Identify and give precise descriptions of
transformations connecting given figures
If M(a) = b and R(b) = c, the notation RM(a)
= c will be used. Invariants under these
transformations may be assumed.
Describe transformations using co-ordinates
and matrices (singular matrices are
excluded).
Cambridge IGCSE Mathematics 0580. Syllabus for examination in 2015.
31
34.
Syllabus content
C8
Probability – Core curriculum
Notes/Examples
C8.1
Calculate the probability of a single event as
either a fraction, decimal or percentage.
Problems could be set involving extracting
information from tables or graphs.
C8.2
Understand and use the probability scale
from 0 to 1.
C8.3
Understand that the probability of an event
occurring = 1 – the probability of the event
not occurring.
C8.4
Understand relative frequency as an estimate
of probability.
C8.5
Extended curriculum only.
C9
Statistics – Core curriculum
C9.1
Collect, classify and tabulate statistical data.
Notes/Examples
Read, interpret and draw simple inferences
from tables and statistical diagrams.
C9.2
C9.3
Calculate the mean, median, mode and range
for individual and discrete data and distinguish
between the purposes for which they are
used.
C9.4
Extended curriculum only.
C9.5
Extended curriculum only.
C9.6
Understand what is meant by positive,
negative and zero correlation with reference to
a scatter diagram.
C9.7
32
Construct and read bar charts, pie charts,
pictograms, simple frequency distributions,
histograms with equal intervals and scatter
diagrams.
Draw a straight line of best fit by eye.
Cambridge IGCSE Mathematics 0580. Syllabus for examination in 2015.
35.
Syllabus content
E8
Probability – Extended curriculum
Notes/Examples
E8.1
Calculate the probability of a single event as
either a fraction, decimal or percentage.
Problems could be set involving extracting
information from tables or graphs.
E8.2
Understand and use the probability scale
from 0 to 1.
E8.3
Understand that the probability of an event
occurring = 1 – the probability of the event
not occurring.
E8.4
Understand relative frequency as an estimate
of probability.
E8.5
Calculate the probability of simple combined
events, using possibility diagrams and tree
diagrams where appropriate.
In possibility diagrams, outcomes will be
represented by points on a grid, and in tree
diagrams, outcomes will be written at the
end of branches and probabilities by the side
of the branches.
E9
Statistics – Extended curriculum
Notes/Examples
E9.1
Collect, classify and tabulate statistical data.
Read, interpret and draw simple inferences
from tables and statistical diagrams.
E9.2
Construct and read bar charts, pie charts,
pictograms, simple frequency distributions,
histograms with equal and unequal intervals
and scatter diagrams.
E9.3
Calculate the mean, median, mode and range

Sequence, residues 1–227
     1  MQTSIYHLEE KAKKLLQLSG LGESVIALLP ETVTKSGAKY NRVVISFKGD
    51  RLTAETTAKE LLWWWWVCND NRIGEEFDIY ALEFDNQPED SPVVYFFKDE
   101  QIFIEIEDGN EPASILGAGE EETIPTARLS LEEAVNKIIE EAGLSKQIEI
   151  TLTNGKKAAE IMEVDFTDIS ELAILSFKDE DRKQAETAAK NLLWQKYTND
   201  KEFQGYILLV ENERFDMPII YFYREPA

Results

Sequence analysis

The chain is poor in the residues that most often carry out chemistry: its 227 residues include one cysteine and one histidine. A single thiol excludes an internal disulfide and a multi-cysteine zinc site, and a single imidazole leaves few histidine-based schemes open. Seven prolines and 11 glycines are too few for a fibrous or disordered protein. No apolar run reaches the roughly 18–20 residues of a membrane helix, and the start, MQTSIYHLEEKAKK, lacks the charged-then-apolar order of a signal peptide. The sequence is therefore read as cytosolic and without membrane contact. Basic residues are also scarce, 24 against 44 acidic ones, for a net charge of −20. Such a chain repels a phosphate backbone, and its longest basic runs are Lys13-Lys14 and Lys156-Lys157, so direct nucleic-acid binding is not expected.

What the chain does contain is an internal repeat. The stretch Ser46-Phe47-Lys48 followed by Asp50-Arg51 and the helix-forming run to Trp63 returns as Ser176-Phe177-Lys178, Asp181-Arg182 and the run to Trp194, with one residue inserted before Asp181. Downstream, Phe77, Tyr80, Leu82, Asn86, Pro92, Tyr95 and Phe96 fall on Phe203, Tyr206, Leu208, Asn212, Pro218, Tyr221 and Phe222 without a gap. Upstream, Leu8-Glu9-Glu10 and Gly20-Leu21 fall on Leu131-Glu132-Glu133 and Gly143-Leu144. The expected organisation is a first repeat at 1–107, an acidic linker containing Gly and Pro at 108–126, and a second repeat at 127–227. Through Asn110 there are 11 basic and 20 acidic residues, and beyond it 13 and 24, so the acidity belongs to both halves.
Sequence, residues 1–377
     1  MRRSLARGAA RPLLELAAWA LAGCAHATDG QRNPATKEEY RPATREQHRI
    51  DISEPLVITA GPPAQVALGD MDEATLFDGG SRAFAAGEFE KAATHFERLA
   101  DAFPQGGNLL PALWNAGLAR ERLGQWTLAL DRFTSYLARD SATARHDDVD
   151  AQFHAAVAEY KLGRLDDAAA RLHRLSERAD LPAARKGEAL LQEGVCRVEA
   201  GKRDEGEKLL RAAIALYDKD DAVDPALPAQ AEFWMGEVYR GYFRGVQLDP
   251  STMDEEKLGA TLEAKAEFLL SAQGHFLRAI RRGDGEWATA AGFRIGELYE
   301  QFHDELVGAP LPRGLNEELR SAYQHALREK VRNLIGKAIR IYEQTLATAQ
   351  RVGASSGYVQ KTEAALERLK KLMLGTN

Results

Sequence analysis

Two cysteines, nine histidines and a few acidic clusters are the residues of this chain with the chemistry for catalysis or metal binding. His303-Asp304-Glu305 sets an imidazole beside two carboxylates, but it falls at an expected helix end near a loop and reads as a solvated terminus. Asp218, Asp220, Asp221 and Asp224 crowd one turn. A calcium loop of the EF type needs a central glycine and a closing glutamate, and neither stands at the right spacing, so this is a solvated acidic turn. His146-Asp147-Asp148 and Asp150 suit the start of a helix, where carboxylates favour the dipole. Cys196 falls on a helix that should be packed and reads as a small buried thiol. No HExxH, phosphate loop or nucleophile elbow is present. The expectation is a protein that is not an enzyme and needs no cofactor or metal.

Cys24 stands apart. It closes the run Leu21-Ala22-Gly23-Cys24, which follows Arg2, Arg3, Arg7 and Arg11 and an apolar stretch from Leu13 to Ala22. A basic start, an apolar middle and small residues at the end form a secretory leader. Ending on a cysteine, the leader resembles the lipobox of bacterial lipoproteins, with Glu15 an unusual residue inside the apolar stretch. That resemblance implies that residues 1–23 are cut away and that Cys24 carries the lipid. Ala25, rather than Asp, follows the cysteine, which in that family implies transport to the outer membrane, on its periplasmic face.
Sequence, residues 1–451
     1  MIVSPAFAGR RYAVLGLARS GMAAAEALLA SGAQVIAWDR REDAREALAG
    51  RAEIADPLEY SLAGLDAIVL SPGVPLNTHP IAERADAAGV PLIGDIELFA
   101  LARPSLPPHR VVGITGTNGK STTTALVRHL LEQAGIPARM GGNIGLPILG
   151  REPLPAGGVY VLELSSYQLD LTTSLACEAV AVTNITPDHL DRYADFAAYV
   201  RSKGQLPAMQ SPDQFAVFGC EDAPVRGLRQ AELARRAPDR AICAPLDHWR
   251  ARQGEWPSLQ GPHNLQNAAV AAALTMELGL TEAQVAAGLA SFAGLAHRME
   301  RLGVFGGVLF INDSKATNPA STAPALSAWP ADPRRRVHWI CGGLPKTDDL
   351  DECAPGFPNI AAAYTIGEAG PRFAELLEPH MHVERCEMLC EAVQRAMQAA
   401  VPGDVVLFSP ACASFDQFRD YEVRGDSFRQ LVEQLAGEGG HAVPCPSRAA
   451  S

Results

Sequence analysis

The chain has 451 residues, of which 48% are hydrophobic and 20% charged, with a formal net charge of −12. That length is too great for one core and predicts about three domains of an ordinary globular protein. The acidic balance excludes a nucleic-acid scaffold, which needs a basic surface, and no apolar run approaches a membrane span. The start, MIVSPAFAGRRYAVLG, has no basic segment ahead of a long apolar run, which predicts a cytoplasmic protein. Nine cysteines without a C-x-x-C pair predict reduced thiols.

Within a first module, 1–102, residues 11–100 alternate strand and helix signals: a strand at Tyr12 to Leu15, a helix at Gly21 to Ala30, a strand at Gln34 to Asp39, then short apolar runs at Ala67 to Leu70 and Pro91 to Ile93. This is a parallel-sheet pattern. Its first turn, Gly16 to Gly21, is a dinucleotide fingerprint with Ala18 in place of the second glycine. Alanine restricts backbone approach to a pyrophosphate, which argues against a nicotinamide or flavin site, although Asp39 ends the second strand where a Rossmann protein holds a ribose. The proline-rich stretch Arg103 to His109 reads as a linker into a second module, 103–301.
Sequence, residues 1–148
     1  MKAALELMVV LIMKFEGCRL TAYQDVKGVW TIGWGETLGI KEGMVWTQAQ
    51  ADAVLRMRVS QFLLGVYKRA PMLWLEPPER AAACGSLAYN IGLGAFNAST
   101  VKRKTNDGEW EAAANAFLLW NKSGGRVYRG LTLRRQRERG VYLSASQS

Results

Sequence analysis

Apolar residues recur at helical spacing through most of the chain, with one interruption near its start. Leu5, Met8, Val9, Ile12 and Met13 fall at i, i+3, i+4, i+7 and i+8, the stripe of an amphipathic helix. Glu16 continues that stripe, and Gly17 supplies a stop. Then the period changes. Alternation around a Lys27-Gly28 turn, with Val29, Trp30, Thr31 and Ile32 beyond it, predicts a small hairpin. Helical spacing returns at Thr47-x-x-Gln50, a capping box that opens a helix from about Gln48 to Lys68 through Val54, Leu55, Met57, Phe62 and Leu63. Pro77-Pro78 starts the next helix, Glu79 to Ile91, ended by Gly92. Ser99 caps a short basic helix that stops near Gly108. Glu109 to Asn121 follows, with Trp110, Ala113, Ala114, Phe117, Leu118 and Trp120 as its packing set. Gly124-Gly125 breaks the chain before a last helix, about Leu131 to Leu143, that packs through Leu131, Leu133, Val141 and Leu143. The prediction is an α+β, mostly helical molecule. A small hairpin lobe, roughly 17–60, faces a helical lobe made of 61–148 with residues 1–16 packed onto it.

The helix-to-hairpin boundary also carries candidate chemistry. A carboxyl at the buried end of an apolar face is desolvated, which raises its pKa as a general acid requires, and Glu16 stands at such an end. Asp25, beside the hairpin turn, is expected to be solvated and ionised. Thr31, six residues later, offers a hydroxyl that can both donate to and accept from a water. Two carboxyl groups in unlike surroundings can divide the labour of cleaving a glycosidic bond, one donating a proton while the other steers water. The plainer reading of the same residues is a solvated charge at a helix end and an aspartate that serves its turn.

for individual and discrete data and distinguish
between the purposes for which they are
used.
E9.4
For unequal intervals on histograms, areas
are proportional to frequencies and the
vertical axis is labelled ‘frequency density’.
Calculate an estimate of the mean for grouped
and continuous data.
Identify the modal class from a grouped
frequency distribution.
E9.5
Construct and use cumulative frequency
diagrams.
Estimate and interpret the median, percentiles,
quartiles and inter-quartile range.
E9.6
Understand what is meant by positive,
negative and zero correlation with reference to
a scatter diagram.
E9.7
Draw a straight line of best fit by eye.
Cambridge IGCSE Mathematics 0580. Syllabus for examination in 2015.
33
36.
Other information
7.
Other information
Equality and inclusion
Cambridge International Examinations has taken great care in the preparation of this syllabus and
assessment materials to avoid bias of any kind. To comply with the UK Equality Act (2010), Cambridge has
designed this qualification with the aim of avoiding direct and indirect discrimination.
The standard assessment arrangements may present unnecessary barriers for candidates with disabilities
or learning difficulties. Arrangements can be put in place for these candidates to enable them to access the
assessments and receive recognition of their attainment. Access arrangements will not be agreed if they
give candidates an unfair advantage over others or if they compromise the standards being assessed.
Candidates who are unable to access the assessment of any component may be eligible to receive an
award based on the parts of the assessment they have taken.
Information on access arrangements is found in the Cambridge Handbook which can be downloaded from
the website www.cie.org.uk
Language
This syllabus and the associated assessment materials are available in English only.
Grading and reporting
Cambridge IGCSE results are shown by one of the grades A*, A, B, C, D, E, F or G indicating the standard
achieved, A* being the highest and G the lowest. ‘Ungraded’ indicates that the candidate’s performance fell
short of the standard required for grade G. ‘Ungraded’ will be reported on the statement of results but not
on the certificate. The letters Q (result pending); X (no results) and Y (to be issued) may also appear on the
statement of results but not on the certificate.
Entry codes
To maintain the security of our examinations we produce question papers for different areas of the world,
known as ‘administrative zones’. Where the component entry code has two digits, the first digit is the
component number given in the syllabus. The second digit is the location code, specific to an administrative
zone. Information about entry codes, examination timetables and administrative instructions can be found in
the Cambridge Guide to Making Entries.
34
Cambridge IGCSE Mathematics 0580. Syllabus for examination in 2015.